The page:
Vibrance vs. Saturation In Lightroom (And when to use them)

These two sliders can cause a lot of confusion for Lightroom users. They are right next to each other and both affect the color intensity in your image.

However, knowing the difference between them can improve your results significantly.

The main difference between vibrance and saturation is that saturation adjusts the intensity of all colors in the image equally and vibrance will do the same but avoid increasing the color intensity of the most saturated areas, avoid decreasing the intensity of the least saturated areas, and protect the skin tones in your image.

So basically, vibrance is a smarter, more targeted version of the saturation adjustment.

What Is Saturation In Lightroom?

Saturation in Lightroom adjusts the intensity of the colors. As the saturation of color increases the color becomes more “pure.”

It is a strong adjustment that affects all the colors in the image equally. Adobe calls it an “absolute” adjustment because it will affect all colors in an image equally.

Take a look at the color wheel below. The left side is the original image and the right side is the same image with a +100 Saturation adjustment in Lightroom.

As you can see, every piece of the wheel has increased in saturation by a relatively similar amount.

On the red and orange side of the wheel, it appears that some of the slightly less saturated pieces actually reached maximum saturation with the adjustment and look identical.

Colors can reach a maximum saturation where they are the purest of that hue. In a photo, however, this will obscure details in the image and often look quite bad.

Now check out what a -100 saturation adjustment does to an image.

With this adjustment, you are completely removing all color saturation from an image and essentially turning it into a black and white image.

So making this “absolute” change in saturation can have some negative effects on the quality of your image.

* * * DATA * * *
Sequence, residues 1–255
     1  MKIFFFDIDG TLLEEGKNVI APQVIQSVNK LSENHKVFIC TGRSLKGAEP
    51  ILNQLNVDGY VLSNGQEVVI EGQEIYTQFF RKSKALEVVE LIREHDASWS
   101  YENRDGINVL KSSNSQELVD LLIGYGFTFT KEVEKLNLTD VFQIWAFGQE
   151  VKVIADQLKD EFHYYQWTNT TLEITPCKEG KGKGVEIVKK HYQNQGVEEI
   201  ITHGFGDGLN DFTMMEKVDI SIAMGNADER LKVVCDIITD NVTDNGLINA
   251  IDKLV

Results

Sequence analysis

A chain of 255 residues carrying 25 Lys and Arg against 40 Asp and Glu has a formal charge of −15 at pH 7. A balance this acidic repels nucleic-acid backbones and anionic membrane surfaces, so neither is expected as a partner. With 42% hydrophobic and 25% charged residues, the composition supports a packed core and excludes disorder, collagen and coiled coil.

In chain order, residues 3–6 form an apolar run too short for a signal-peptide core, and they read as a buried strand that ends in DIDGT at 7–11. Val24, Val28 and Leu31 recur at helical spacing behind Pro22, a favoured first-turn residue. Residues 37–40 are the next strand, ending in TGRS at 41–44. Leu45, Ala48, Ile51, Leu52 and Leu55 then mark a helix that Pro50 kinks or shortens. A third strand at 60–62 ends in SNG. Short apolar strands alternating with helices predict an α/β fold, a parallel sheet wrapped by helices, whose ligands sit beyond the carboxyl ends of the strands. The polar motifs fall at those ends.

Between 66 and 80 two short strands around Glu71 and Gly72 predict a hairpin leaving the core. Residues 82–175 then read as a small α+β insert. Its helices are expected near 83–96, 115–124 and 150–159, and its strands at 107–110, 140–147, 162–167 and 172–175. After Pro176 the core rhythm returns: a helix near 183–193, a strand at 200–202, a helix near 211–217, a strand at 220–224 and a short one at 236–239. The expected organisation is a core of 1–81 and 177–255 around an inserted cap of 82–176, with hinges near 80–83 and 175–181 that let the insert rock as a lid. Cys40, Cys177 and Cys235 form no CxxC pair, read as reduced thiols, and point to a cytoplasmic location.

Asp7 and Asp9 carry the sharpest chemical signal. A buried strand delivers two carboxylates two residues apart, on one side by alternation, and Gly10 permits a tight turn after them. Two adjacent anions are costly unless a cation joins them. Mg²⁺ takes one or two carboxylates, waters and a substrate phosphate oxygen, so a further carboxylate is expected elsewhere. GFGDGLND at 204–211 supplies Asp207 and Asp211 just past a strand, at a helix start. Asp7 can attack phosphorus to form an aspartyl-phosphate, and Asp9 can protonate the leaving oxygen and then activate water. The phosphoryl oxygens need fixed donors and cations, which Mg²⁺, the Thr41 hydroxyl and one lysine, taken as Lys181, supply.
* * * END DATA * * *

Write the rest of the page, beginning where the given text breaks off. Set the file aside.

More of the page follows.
That’s where vibrance comes in…

What Is Vibrance in Lightroom?

Vibrance controls the exact same thing that saturation does, the intensity of the colors. However, the way that it differs is that it has sort of a built-in regulator as to which parts of the image it affects and how strongly it affects them.

Lightroom is analyzing your image and controlling what pixels the vibrance slider affects based on the original saturation level of those pixels.

Ok, I know that was a little dense, so I’ll try to break it down a little better.

So the vibrance slider will have a unique effect for every image.

Take a look at the same color wheel again below, this time with a +100 vibrance adjustment.

It has a relatively similar effect except for a few key differences.

First, you can see that the overall strength of the adjustment is less. This is because the more a pixel is already saturated, the less the vibrance slider affects it. So those sections halfway between the inside and outside (the medium saturated ones) are less affected by the vibrance slider than the saturation slider.

Also, you can see that the sections on the inner ring on the lower left (the ones closest to skin tones, were hardly affected at all. This is because the vibrance slider protects skin tones from being affected.

Now, let’s look at how negative vibrance works.

You can see that almost all the sections in the circle have some color left in them at -100 vibrance (compare this to the -100 saturation adjustment above).

The reason for this is that when you reduce vibrance, it has a similar dynamic limit as when you increase it. When reducing vibrance, it will affect the most saturation pixels more than the less saturated pixels.